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With blackest insurrection, to confound
Heaven's purest light; yet our great Enemy,
All incorruptible, would on his throne
Sit unpolluted; and the ethereal mould,
Incapable of stain, would soon expel

Her mischief, and purge off the baser fire,
Victorious. Thus repulsed, our final hope
Is flat despair : We must exasperate
The Almighty Victor to spend all his rage,
And that must end us; that must be our cure, 145
To be no more. (Sad cure ! for who would lose,
Though full of pain, this intellectual being,
Those thoughts that wander through eternity
To perish rather, swallow'd up and lost
In the wido, womb of uncreated night,

15C Devoid of sense and motion ?) And who knows, Let this be good, whether our angry Foe Can give it, or will ever ? how he can, Is doubtful; that he never will, is sure. Will he, so wise, let loose at once his ire,

155 Belike through impotence, or unawure, To give his enemies their wish, and end Them in his anger, whom his anger saves To punish endless ? Wherefore cease we then ? Say they who counsel war ; we are decreed, 160 Reserved, and destined to eternal woe; Whatever doing, what can we suffer more, What can we suffer worse ? Is this then worst, Thus sitting, thus consulting, thus in arms? What! when we fled amain, pursued, and struck 165 With Heaven's afflicting thunder, and besought The deep to shelter us? This Hell then seem'd A refuge from those wounds ; 0; when we lay Chain’d on the burning lake? 'That sure was worse. What if the breath, that kindled those grim fires, 170 Awaked, should blow them into sevenfold rage, And plunge us in the flames ? or, from above, Should intermitted vengeance arm again

His red right hand to plague us ? What if all
Her stores were open'd, and this firmament 175
Of Hell should spout her cataracts of firo,
Impendent horrors, threatening hideous fall
One day upon our heads; while we perhaps
Designing or exhorting glorious war,
Caught in a fiery tempest, shall be hur!'d 180
Each on his rock transfix'd, the sport and prey
Of wracking whirlwinds; or for ever sunk
Under yon boiling ocean, wrapp'd in chains ;
There to converse with everlasting groans,
Unrespited, unpitied, unreprieved,

Ages of hopeless end? This would be worse.
War therefore, open or conceal'd, alike
My voice dissuades; for what can force or guile
With him, or who deceive his mind, whose eye
Views all things at one view ? He from Heaven's height
All these our motions vain sees and derides ; 191
Not more almighty to resist our might
Than wise to frustrate all our plots and wiles.
Shall we then live thus vile, the race of Heavin
Thus trampled, thus expell’d to suffer here 195
Chains and these torments ? better these than worse,
By my advice; since fate inevitable
Subdues us, and omnipotent decree,
The Victor's will To suffer, as to do,
Our strength is equal, nor the law unjust 200
That so ordains : This was at first resolved,
If we were wise, against so great a Foe
Contending, and so doubtful what might fall.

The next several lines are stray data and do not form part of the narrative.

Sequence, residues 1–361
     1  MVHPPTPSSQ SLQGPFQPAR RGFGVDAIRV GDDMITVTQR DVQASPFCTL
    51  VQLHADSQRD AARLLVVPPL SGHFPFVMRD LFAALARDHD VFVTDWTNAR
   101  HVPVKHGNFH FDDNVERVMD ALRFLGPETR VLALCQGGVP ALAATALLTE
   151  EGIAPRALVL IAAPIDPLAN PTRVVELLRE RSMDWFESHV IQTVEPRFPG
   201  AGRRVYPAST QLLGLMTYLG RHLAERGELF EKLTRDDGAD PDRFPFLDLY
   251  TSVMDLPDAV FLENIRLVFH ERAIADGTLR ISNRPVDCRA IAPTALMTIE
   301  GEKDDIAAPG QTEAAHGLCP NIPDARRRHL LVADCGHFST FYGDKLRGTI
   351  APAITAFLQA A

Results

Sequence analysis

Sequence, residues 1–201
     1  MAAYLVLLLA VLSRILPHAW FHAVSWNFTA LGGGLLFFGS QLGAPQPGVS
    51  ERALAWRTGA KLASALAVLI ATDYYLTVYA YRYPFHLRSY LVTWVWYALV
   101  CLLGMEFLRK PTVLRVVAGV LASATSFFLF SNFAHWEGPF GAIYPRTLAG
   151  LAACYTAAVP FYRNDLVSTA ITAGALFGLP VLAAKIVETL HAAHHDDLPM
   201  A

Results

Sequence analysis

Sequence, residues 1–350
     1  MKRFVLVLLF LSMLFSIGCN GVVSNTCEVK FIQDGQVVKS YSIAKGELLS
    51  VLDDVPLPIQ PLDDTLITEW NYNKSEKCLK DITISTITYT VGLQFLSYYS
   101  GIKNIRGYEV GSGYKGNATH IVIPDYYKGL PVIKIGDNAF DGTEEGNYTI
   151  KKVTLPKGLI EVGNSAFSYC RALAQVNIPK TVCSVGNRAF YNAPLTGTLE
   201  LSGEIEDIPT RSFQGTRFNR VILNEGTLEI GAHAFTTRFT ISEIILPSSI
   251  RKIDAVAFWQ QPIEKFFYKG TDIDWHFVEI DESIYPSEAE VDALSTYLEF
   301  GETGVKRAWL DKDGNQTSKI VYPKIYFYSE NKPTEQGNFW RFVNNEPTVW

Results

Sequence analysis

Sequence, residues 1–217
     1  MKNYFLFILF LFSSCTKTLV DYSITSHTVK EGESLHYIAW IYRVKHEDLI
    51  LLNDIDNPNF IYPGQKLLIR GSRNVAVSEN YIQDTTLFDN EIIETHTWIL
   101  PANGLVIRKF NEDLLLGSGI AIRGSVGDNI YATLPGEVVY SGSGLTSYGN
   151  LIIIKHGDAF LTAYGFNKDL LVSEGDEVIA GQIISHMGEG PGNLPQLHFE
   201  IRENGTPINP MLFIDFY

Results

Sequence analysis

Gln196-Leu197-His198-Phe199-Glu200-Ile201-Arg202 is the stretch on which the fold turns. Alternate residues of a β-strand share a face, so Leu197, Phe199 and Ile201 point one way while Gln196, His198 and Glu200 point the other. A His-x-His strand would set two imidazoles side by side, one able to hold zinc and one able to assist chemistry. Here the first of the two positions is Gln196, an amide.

I laugh, when those who at the spear are bold
And venturous, if that fail them, shrink and fear 205
What yet they know must follow, to endure
Exile, or ignominy, or bonds, or pain,
The sentence of their Conqueror : This is now
Our doom ; which if we can sustain and bear,
Our Supreme Foe in time nay much remit 216
His anger; and perhaps, thus far removed

Not mind us not offending, satisfied
With what is punish’d; whence these raging fires
Will slacken, if his breath stir not their flames.
Our purer essence then will overcome

Their noxious vapour ; or, inured, not feel ;
Or changed at length, and to the place conform'd
In temper and in nature, will receive
Familiar the fierce heat, and void of pain ;
This horror will grow mild, this darkness light; 220
Besides what hope the never ending flight
Of future days may bring, what chance, what change
Worth waiting ; since our present lot appears
For happy though but ill, for ill not worst,
If we procure not to ourselves more woe.

225 Thus Belial, with words clothed in reason's garb, Counsel'd ignoble ease, and peaceful sloth, Not peace: And after him thus Mammon spake

Either to disenthrone the King of Heaven We war, if war be best, or to regain

230 Our own right lost : Him to unthrone we then May hope, when everlasting Fate shall yield To fickle Chance, and Chaos judge the strife : The former, vain to hope, argues as vain The latter : For what place can be for us

235 Within Heaven's bound, unless Heaven's Lord supremo We overpower ? Suppose he should relent, And publish grace to all, on promise made Of new subjection; with what eyes could we Stand in his presence humble, and receive 240 Strict laws imposed, to celebrate his throne With warbled hymns and to his Godhead sing Forced Hallelujahs : while he lordly sits Our envied Sov'reign, and his altar breathes Ambrosial odours and ambrosial flowers,

245 Our servile offerings ? This must be our task In Heaven, this our delight; how wearisome Eternity so spent, in worship paid To whom we hate! Let us not then presume

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